Newest Trustees Announce Support for Paterno Family Lawsuit
The three newest members of the Penn State Board of Trustees are now publicly backing five of their fellow board members and the 15 other plaintiffs who are suing the NCAA.
Ted Brown, Bill Oldsey and Barbara Doran released a statement Tuesday saying they “want to make it clear” that they fully support the Paterno family-led lawsuit that is seeking to abolish the consent decree signed by Penn State, the Big Ten and the NCAA. The consent decree paved the way for the NCAA to impose harsh sanctions against Penn State.
Plaintiffs who joined the Paterno family in the suit include former Penn State football players and coaches, Penn State faculty and a student and five trustees: Adam Taliaferro, Anthony Lubrano, Peter Khoury, Al Clemens and Ryan McCombie.
One year ago today, Penn State received its penalties from the NCAA in the wake of the Jerry Sandusky child sex abuse scandal. They include a four-year postseason bowl ban, a significant loss of scholarships for the football team, a $60 million fine and all wins vacated under former football coach Joe Paterno between 1998-2011.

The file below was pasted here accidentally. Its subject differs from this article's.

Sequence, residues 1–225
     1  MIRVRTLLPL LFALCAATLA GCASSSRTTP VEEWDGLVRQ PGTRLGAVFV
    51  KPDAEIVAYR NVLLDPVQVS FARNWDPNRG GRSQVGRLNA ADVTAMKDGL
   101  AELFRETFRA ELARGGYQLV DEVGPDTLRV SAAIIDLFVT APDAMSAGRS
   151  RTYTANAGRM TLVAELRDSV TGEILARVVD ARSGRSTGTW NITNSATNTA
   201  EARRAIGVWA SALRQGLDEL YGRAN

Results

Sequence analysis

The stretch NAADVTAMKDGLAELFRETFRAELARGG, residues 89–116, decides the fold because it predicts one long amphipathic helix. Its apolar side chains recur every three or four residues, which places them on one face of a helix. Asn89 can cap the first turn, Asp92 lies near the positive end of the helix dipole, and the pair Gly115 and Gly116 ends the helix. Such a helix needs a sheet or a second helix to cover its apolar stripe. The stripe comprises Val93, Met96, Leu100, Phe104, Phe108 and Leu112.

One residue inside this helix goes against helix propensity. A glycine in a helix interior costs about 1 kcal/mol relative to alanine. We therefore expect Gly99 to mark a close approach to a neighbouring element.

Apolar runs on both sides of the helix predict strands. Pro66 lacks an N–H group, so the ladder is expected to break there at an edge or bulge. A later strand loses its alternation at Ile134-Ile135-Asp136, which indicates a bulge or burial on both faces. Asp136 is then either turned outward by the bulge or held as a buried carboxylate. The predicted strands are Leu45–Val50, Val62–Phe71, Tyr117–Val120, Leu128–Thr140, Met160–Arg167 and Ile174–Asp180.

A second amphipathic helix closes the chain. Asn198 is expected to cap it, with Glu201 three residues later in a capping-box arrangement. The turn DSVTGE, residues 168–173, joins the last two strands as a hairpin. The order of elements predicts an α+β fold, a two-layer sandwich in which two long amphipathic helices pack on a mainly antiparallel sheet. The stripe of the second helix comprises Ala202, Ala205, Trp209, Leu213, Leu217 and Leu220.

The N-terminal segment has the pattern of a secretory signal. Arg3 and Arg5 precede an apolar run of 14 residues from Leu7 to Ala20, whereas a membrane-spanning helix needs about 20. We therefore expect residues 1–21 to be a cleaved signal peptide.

In their statement, the new trustees say they support the plaintiffs’ claim that the NCAA broke its own rules in issuing the sanctions and believe Penn State was denied due process when Penn State President Rodney Erickson signed the consent decree.
Brown, Oldsey and Doran call the former FBI Director Louis Freeh’s report “seriously flawed and incomplete,” and call for a thorough review of the 263-page report on Penn State’s alleged lack of institutional control that the NCAA used to issue the sanctions. They point out that the board never formally accepted or rejected the Freeh report.
“In our view, this matter calls for openness, thoroughness and transparency. The greater Penn State community has been calling for this action, and they deserve no less.
“There are those who suggest that we should move on and accept the NCAA sanctions as imposed, and we respect their views and commitment to Penn State. But to do that would not be in the long-term interest of this great University and the broader Penn State community. We firmly believe that truth and justice should never fear an open hearing and review – whether in the courts or before the Board of Trustees,” say Brown, Oldsey and Doran in their statement.
The full board has not commented on the fact that five trustees are listed as plaintiffs. Penn State says it has no affiliation with the lawsuit.
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